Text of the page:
And behold, the Cushite came, and the Cushite said, "Good news for my lord the king! For the Lord has delivered you this day from the hand of all who rose up against you." The king said to the Cushite, "Is it well with the young man Absalom?" And the Cushite answered, "May the enemies of my lord the king and all who rise up against you for evil be like that young man."
And the king was deeply moved and went up to the chamber over the gate and wept. And as he went, he said, "O my son Absalom, my son, my son Absalom! Would I had died instead of you, O Absalom, my son, my son!"
2 Samuel 18:31-33
The "favorites" lists come out about this time every year. There's Elijah and Isaiah. Eli and Levi make the lists, and so do James and Jude. Aaron and Thomas, Ezra and Benjamin are in the top fifty for 2019. And of course, we all know Marks and Lukes and Matthews and Davids. I have recently even met a young man named Moses. Bible-based baby names, even these days, grace boy bassinets far and wide.
But not a single list offers the name Absalom. Maybe there are a few out there, but far fewer than there should be. You see, all of us reflect the man Absalom. All of us are rebel sons who lead an insurrection in our own souls.
We are Absalom in our discontent. Dissatisfied with God's provisions, we scheme for more. We lust for those things forbidden. Our heart rebels. Yet God's Word teaches us,
But godliness with contentment is great gain, for we brought nothing into the world, and we cannot take anything out of the world. But if we have food and clothing, with these we will be content. But those who desire to be rich fall into temptation, into a snare, into many senseless and harmful desires that plunge people into ruin and destruction. (1 Timothy 6:6-9)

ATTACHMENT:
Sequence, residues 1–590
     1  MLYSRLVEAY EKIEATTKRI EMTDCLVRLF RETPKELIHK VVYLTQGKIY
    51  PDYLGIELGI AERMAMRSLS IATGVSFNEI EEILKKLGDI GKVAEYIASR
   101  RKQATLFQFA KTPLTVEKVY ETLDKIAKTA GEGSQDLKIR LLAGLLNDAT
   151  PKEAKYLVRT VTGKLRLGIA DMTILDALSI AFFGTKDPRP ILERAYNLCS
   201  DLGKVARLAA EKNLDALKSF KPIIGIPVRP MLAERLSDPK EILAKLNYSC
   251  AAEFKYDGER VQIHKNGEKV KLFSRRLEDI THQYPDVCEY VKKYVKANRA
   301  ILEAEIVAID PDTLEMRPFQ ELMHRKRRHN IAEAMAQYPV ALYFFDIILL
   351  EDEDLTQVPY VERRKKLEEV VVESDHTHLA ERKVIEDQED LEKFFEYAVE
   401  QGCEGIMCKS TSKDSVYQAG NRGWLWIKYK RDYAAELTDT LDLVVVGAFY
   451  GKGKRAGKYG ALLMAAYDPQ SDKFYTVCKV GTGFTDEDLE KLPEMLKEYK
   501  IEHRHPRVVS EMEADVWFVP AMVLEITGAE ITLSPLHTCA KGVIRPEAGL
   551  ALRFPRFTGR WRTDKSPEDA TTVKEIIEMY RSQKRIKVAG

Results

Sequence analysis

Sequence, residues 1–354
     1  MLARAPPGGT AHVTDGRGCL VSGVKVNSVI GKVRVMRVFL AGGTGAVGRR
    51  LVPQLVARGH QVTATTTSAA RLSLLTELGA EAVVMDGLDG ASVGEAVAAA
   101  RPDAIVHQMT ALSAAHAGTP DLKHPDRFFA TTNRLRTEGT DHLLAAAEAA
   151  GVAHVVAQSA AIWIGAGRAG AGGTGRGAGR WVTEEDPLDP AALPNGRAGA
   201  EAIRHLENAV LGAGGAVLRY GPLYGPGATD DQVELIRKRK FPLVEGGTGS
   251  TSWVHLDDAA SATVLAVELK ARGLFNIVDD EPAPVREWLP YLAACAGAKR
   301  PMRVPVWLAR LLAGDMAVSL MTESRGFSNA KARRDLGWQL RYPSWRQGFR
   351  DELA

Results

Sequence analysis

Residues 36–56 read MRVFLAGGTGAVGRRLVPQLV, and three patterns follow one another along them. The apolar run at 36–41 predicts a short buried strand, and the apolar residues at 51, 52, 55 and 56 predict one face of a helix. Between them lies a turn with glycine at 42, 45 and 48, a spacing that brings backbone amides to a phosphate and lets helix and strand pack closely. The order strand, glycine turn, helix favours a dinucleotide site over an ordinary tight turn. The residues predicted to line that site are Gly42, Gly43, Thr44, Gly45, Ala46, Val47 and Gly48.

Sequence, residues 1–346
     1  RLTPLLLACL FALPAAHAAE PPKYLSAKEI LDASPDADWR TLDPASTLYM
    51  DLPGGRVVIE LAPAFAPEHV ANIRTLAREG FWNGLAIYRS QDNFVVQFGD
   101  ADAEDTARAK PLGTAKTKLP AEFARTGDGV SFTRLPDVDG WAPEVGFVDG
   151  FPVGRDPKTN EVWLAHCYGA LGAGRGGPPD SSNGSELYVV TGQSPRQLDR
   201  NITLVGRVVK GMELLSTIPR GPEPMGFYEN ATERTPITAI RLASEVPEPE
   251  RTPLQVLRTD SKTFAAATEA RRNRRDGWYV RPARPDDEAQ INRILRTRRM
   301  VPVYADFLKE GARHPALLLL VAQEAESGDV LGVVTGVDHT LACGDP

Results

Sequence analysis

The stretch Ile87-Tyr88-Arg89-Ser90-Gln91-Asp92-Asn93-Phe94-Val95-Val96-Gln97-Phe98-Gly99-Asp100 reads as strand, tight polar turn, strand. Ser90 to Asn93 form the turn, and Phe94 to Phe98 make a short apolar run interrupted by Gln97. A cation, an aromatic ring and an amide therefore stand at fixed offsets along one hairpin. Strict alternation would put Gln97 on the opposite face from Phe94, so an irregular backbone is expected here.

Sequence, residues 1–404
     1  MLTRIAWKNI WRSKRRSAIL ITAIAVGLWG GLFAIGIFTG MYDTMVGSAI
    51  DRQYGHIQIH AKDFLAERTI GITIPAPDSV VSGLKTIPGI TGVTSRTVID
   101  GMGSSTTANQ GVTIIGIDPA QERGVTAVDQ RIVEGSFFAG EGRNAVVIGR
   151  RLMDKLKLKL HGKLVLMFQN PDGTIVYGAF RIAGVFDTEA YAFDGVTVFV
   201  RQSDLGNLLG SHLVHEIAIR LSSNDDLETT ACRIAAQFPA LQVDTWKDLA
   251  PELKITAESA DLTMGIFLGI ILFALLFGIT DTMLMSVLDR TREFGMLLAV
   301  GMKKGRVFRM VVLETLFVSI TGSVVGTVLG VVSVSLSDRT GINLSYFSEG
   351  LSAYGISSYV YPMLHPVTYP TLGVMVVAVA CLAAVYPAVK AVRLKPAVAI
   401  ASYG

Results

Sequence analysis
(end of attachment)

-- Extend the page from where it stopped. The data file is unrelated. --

We are Absalom in our anger. Somehow, in the siren song of the insurrection, we hear that we've been cheated. And we fume. Seething anger characterizes our outlook on all we see, particularly when we look upon our heavenly father. "He could've made a change.", we think. "He could've altered the outcome, or changed the wind, or given me what I demand." Like Absalom, our anger drives us to be slanderous and sinister.
We are Absalom in our fear. We live our lives in the shadow-stained half-light of the fear of man, the fear of the future, the fear of the past. So we reject the very one who promises joy, and proclaims peace. But then our rebellion does nothing to lighten the load of terror.
Indeed, we all are Absalom, armed and dangerous, and headed for destruction.
But unlike Absalom, we have a Father who intervenes before the battle is lost. For we are adopted sons of the Most High God. And God, in His mercy, sent His only begotten son to take the punishment for the rebels. His son was suspended on the tree of shame, and bore the thrust of the enemy's spear. The perfect son, who knew no sin, accomplished the work to bring peace into the chaos of rebellion. In Christ, our battle is over, the victory is won.
So we, Absaloms all, may put down our treasonous weapons of discontent, and anger, and fear. And we can, with God's blessing and empowerment, be found in league with the perfectly loyal Son of God.